Book Review: Glamour (new in paperback)

Katie Netherton earned her Masters degree from New York University in Material Culture: Costume Studies in 2002. Most recently she has worked on the historic documentation project at the Brooklyn Museum, and is currently an independent costume historian working with the Gordon Conway archive at the Harry Ransom Center at the University of Texas in Austin.

Book: Glamour: Women, History, Feminism

Author: Carol Dyhouse

Book Review by: Katie Netherton

Carol Dyhouse, author of Glamour, is a Professor of History at the University of Sussex, and trained as a social historian and educator. She is not a fashion historian. If the reader is a fashion historian, and knows this before reading, it will be an easier read.

That said, her book ambitiously endeavors to trace the history of the meaning of “glamour,” beginning in 1900 and continuing to the 1990s. She begins by issuing a disclaimer of sorts, that the book is a broad study and is not meant to provide expertise on any one particular subject (p.5). This addition was definitely needed, because as you read, there can be a rather disjointed feeling at times, as if too much ground is trying to be covered in 168 pages of writing. Despite its lofty goal, the book is entertaining, informative and well illustrated. By tracking the use of “glamour” in marketing campaigns by several fashion-related industries, such as fur and perfume, Dyhouse proves how the concept changes according to societal influences and mores. The author also uses actresses and musicians, many of them British, as contemporary examples of the current idea of glamour from each time.

The reader also learns interesting factoids about the industries Dyhouse uses as her examples. For instance, many cosmetics companies used interesting names for their products to communicate to the customer that if they used it, they too would be glamorous. Some of these products, like “Cherries in the Snow”, a lipstick introduced by Revlon in 1953, are still sold today. In fact, I was inspired to buy a tube after reading this book, mainly because I was reminded of the advertising campaign, which touts that if you wear this certain “madly voluptuous” shade, you are as “strange and unexpected as cherries in the snow.” Brilliant!

The book is organized chronologically into chapters that explore how glamour manifested itself in specific time periods. Chapter one begins in 1900 and continues to the late 1920s. In the 19th century, “glamour” carried a negative connotation, and was linked to danger and women who exuded some sort of evil quality, like witches or sirens. With a new century, “glamour” suddenly meant something more positive, although still mysterious and definitely still a description for sexual allure. In chapters 2-3, the idea of “glamour” and how it is expressed through film is tackled. In the era of black and white film, the costume had to translate certain qualities without the benefit of color. Shiny silks and lame cut on the bias, iridescent black coq feathers, luminescent pearls, wispy ostrich feathers, stark red lips against a creamy complexion. Many provocative photographs from film are used to illustrate this point. Glamour as shown on screen by actresses like Marlene Dietrich, was a quality for everyday people to strive to emulate.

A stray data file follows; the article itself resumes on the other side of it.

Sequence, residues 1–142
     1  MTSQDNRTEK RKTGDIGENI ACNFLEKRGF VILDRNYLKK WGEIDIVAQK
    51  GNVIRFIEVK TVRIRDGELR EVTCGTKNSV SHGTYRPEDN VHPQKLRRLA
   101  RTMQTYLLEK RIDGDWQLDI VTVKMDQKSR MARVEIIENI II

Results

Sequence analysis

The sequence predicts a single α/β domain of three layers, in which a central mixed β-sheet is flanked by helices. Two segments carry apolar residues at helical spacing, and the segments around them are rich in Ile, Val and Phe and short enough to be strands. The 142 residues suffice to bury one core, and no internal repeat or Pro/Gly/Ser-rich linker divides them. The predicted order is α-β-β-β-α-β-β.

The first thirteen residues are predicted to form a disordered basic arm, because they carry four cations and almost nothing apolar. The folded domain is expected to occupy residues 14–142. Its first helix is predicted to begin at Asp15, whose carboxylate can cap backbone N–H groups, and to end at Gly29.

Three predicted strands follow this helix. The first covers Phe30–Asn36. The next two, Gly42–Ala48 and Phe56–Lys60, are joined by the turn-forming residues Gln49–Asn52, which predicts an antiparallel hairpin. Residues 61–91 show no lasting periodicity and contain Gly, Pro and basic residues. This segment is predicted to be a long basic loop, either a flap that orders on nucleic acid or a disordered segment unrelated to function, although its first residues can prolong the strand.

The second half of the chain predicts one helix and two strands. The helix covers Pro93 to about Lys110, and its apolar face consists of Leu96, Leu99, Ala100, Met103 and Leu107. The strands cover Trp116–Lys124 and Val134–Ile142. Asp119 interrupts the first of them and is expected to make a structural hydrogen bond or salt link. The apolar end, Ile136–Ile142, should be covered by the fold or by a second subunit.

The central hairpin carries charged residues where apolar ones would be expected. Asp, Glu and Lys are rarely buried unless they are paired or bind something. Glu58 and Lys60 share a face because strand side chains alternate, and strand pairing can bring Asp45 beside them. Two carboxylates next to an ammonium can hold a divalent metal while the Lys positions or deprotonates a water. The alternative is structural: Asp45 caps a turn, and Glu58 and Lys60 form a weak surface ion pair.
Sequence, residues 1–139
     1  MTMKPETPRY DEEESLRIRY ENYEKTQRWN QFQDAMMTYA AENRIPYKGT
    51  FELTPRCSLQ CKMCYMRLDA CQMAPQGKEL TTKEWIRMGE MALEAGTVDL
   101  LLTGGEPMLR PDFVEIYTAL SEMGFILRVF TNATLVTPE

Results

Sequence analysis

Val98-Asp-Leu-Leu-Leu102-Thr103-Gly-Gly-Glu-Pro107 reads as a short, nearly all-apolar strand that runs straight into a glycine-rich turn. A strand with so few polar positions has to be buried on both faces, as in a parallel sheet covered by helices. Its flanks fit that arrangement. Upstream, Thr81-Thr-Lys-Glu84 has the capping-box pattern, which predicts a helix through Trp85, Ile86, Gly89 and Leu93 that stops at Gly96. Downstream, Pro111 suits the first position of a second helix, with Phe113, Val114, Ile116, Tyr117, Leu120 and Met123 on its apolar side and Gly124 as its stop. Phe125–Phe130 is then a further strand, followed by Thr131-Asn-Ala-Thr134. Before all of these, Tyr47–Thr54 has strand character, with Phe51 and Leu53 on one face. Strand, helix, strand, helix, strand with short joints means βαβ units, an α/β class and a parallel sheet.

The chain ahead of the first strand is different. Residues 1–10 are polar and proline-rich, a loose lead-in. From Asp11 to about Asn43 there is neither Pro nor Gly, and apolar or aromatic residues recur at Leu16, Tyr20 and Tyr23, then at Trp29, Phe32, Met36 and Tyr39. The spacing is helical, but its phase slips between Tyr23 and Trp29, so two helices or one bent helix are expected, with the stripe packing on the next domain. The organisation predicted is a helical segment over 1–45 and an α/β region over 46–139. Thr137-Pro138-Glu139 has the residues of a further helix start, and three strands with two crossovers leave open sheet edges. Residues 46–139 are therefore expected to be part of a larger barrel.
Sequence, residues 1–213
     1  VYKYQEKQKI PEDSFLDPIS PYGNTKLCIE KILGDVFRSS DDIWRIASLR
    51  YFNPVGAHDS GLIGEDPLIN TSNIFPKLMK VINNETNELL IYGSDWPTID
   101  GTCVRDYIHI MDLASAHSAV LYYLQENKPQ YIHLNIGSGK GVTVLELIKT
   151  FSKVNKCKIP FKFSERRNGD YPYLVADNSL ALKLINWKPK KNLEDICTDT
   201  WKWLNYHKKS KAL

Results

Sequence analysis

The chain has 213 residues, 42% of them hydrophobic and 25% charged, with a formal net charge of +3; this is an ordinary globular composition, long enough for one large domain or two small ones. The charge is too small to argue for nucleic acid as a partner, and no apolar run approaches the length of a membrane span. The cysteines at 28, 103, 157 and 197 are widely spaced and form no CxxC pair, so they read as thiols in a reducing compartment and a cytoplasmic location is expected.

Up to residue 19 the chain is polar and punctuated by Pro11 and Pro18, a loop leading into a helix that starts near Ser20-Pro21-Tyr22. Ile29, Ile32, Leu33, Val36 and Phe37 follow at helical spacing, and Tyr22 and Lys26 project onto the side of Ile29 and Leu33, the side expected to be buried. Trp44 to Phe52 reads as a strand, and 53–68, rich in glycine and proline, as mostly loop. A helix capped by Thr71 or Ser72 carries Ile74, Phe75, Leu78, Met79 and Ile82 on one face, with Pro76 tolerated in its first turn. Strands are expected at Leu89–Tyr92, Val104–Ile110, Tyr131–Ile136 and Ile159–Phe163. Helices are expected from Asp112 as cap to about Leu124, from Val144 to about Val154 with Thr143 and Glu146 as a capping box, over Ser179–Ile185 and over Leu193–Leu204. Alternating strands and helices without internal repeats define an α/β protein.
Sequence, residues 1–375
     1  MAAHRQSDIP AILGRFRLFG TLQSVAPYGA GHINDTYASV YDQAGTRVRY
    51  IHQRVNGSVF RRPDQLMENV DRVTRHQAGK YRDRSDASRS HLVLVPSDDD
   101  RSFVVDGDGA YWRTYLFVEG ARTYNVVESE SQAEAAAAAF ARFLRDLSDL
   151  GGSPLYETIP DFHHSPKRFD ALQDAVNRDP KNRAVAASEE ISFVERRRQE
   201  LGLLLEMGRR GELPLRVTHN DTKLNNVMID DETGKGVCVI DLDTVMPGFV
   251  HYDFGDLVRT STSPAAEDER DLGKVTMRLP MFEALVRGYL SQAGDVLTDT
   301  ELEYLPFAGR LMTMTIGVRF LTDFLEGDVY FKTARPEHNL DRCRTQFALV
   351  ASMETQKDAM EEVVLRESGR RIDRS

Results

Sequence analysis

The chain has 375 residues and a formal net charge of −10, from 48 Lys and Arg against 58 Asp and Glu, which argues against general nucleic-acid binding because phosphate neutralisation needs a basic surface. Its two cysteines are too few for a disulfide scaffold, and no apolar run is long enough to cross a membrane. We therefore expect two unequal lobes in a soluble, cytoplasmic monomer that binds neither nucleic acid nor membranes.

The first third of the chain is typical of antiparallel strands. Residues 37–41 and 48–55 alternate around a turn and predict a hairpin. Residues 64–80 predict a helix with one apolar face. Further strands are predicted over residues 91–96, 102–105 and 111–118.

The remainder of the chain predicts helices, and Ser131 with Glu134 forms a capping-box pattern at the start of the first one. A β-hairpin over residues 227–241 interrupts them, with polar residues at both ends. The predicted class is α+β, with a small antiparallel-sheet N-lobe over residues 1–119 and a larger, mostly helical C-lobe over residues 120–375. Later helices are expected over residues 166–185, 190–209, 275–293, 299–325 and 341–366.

Chapter 4 picks up after World War II, as a new surge in femininity arrives with the wasp-waisted New Look and an upsweep in the couture industry. The idea of glamour changed from woman as sultry to princess. As a counter-point, however, pin-ups were popular in men’s magazines, as a by-product of the war. Therefore, women were either seen as perfect and somewhat unattainable, or as sex objects.

In the 1960s, especially in Britain, there was a rise in street style. Young people carved out their own style without leaning on what their parents prescribed. Magazines featured musicians and rock stars alongside actors, especially the newer publications that catered to a younger market. In Britain, models such as Twiggy and Jean Shrimpton exemplified the youth culture, with their wide-eyed expressions and youthful, stick-thin bodies. Glamour at this time was considered too sophisticated, and accessories such as fur were equated with older, less independent, women. Feminism was also on the rise, and with the publication of books such as Helen Gurley Brown’s Sex and the Single Girl in 1962, and Betty Friedan’s The Feminine Mystique in 1963, glamour and fashion were sometimes seen as anathema to the independent woman, a repression of a new found power.

In chapter 6, the reader arrives in the 1970s-‘80s, and the rise of a woman who was more socially, financially and sexually powerful. Women had their own money to spend–one no longer had to depend on a man to buy her an expensive sable or mink. In the 1990s, celebrities, especially what they were wearing, became an obsession. Dyhouse singles out Princess Diana and Madonna as examples of this cult of celebrity phenomenon.

The last chapter, called “Perspectives and Reflections,” wraps up the book by giving Dyhouse’s thoughts and theories on what glamour means today. In summation, she writes that glamour is about “fantasy, desire and longing,” as well as “aspiration.” (p. 162-3).  No matter what time period, the word “maintains its power of suggestion, a connection with the dreams of the past.” (p.168).

The nuts and bolts of the book include an extensive notes section and bibliography, as well as an index, which is helpful to researchers. In essence, I feel that the target audience is mainly other social historians; however, a fashion historian like myself must always look to what else was happening in the world, in other industries, and in other countries to fully understand a trend or even a specific design.

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